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Gardening a Path to Mental Health Recovery

Posted: February 21, 2018

The Ventura County Board of Supervisors has approved moving forward on a novel job training program. The program will create a drought tolerant plant nursery called “Growing Works” that will act as a training ground and jobs program for people with mental illness. The combination of horticultural therapy, which provides a healing environment, along with job training and jobs, has been shown to be an effective form of treatment towards recovery and independence.

The Growing Works nursery – which will operate as a wholesale, non-profit nursery – will be located on County-owned land on Lewis Road, one mile from a partner in the project, California State University Channel Islands.

“Horticultural therapy provides a path for people to heal, providing immense mental health and even physical health benefits.” said Jason Meek, Executive Director of the non-profit Turning Point Foundation that will oversee the program. “Growing Works offers people suffering from anxiety, depression, and other mental illnesses, including veterans with combat stress, opportunities to become contributing members of society.”

Growing Works, which is looking for contributions towards its start-up, has already received offers from farmers, including David Martinez with Marz Farms who has offered fencing for the nursery. The Seabees from Naval Base Ventura County have offered to clear the land for the nursery, and the Ventura County Community Foundation is assisting with finding grants for soil, pots and irrigation.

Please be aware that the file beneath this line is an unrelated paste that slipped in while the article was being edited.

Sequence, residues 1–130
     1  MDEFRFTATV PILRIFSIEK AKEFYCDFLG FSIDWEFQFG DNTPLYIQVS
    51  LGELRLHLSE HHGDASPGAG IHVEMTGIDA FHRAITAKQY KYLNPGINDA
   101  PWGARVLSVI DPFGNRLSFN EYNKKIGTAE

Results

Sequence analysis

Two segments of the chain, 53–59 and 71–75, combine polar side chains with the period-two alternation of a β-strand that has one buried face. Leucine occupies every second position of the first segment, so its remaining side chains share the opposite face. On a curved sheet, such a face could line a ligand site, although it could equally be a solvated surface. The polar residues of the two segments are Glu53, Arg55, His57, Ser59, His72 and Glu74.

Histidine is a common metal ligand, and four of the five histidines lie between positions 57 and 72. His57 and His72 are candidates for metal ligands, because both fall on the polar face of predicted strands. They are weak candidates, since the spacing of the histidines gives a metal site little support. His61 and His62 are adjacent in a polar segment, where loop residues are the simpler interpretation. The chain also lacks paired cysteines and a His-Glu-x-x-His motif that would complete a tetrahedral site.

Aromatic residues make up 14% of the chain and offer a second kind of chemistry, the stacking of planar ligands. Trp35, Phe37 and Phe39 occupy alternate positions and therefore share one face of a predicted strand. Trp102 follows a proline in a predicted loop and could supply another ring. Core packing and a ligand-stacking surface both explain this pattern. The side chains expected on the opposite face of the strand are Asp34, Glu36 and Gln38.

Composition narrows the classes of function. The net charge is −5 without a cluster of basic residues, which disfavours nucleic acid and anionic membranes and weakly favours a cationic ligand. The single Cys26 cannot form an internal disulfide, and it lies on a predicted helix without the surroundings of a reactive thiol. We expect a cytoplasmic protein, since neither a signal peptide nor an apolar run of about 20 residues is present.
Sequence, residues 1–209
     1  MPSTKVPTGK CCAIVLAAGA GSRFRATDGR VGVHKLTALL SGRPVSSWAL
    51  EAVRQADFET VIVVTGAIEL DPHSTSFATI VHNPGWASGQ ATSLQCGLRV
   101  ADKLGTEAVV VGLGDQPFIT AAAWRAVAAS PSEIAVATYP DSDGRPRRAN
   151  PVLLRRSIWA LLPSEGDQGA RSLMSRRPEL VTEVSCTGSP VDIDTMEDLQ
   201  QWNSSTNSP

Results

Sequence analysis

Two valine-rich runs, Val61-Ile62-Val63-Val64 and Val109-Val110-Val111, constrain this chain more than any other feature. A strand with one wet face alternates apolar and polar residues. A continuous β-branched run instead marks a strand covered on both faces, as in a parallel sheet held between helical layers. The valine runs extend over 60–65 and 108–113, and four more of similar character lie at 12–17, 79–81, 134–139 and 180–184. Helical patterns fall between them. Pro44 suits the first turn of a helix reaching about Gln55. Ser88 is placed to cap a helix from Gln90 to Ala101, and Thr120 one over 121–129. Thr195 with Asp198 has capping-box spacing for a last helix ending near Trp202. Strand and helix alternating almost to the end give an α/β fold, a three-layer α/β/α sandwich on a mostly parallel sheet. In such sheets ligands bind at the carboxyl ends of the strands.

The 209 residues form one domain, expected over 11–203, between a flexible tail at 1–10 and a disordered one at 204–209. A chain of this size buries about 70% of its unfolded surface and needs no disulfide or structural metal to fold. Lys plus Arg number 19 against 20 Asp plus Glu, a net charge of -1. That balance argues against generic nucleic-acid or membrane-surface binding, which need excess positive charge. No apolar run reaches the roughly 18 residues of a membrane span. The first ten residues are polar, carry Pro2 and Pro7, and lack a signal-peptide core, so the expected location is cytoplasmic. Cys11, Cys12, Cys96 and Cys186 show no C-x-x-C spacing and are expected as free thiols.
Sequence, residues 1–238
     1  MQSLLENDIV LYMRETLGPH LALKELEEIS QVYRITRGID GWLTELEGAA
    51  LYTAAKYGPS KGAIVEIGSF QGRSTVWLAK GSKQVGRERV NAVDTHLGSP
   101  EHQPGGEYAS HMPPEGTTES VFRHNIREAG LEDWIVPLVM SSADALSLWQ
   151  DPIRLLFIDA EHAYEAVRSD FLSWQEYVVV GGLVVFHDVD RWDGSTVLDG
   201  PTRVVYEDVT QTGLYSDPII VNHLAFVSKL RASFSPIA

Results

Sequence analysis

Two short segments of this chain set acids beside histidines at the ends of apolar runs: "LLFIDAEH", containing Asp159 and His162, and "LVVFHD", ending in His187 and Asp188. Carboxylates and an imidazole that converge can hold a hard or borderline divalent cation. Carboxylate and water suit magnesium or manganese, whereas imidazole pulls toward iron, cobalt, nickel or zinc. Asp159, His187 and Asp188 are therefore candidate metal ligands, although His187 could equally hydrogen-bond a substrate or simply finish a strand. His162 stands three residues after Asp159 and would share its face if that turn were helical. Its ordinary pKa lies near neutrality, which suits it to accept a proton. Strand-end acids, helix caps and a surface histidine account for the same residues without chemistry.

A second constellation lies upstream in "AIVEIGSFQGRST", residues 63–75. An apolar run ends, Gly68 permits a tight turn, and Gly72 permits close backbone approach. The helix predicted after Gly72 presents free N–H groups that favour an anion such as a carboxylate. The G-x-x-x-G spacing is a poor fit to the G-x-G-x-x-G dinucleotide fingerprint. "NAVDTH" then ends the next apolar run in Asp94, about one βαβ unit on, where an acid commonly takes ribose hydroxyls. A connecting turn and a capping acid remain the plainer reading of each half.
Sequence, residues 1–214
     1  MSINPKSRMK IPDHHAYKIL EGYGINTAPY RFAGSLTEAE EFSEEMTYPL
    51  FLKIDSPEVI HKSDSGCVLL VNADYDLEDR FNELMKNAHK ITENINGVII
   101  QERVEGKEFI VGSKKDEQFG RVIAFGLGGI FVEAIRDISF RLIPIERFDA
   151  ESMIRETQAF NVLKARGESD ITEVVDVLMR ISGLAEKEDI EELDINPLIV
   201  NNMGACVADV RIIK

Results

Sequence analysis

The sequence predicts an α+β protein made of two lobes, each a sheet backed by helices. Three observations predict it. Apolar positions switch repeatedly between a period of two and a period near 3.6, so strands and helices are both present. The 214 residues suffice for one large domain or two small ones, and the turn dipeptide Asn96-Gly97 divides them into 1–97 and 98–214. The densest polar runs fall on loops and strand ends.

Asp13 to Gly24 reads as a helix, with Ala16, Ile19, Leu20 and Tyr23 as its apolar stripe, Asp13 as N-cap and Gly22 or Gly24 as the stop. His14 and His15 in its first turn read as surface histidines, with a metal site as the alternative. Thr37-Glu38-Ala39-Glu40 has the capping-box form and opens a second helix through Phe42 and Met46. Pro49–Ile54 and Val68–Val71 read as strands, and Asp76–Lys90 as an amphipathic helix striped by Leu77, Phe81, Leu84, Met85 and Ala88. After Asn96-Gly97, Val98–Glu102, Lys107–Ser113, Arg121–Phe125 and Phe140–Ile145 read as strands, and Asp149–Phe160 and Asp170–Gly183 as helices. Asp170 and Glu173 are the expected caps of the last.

California State University at Channel Islands and California Lutheran University are also Growing Works supporters with students in their psychology, biology, engineering and business schools available to assist the program. The County’s Behavioral Health Department is anticipating contracting with Turning Point to send their clients to receive job training at Growing Works, and the County looks forward to purchasing plants from the nursery for use at the Government Center. The California Conservation Corps has already removed tumbleweeds from the vacant parcel to prepare for Demonstration Gardens that will also make the location a more welcoming place for those who live and work there, including nearby Casa Pacifica foster services, another partner in the Growing Works project. Once completed, the Demonstration Gardens will be open to the public.

The Board of Supervisors voted unanimously in support of Growing Works, leasing the land to Turning Point Foundation. The lease included County funds to repair an unoccupied building on the land that can be used for office and classroom space for Growing Works, and funds for plants for the Demonstration Gardens.

Supervisor Parks, who has been organizing the Growing Works project after seeing a similar successful program in San Luis Obispo County, said there will be many opportunities for the public to become involved, including an upcoming community planting day.

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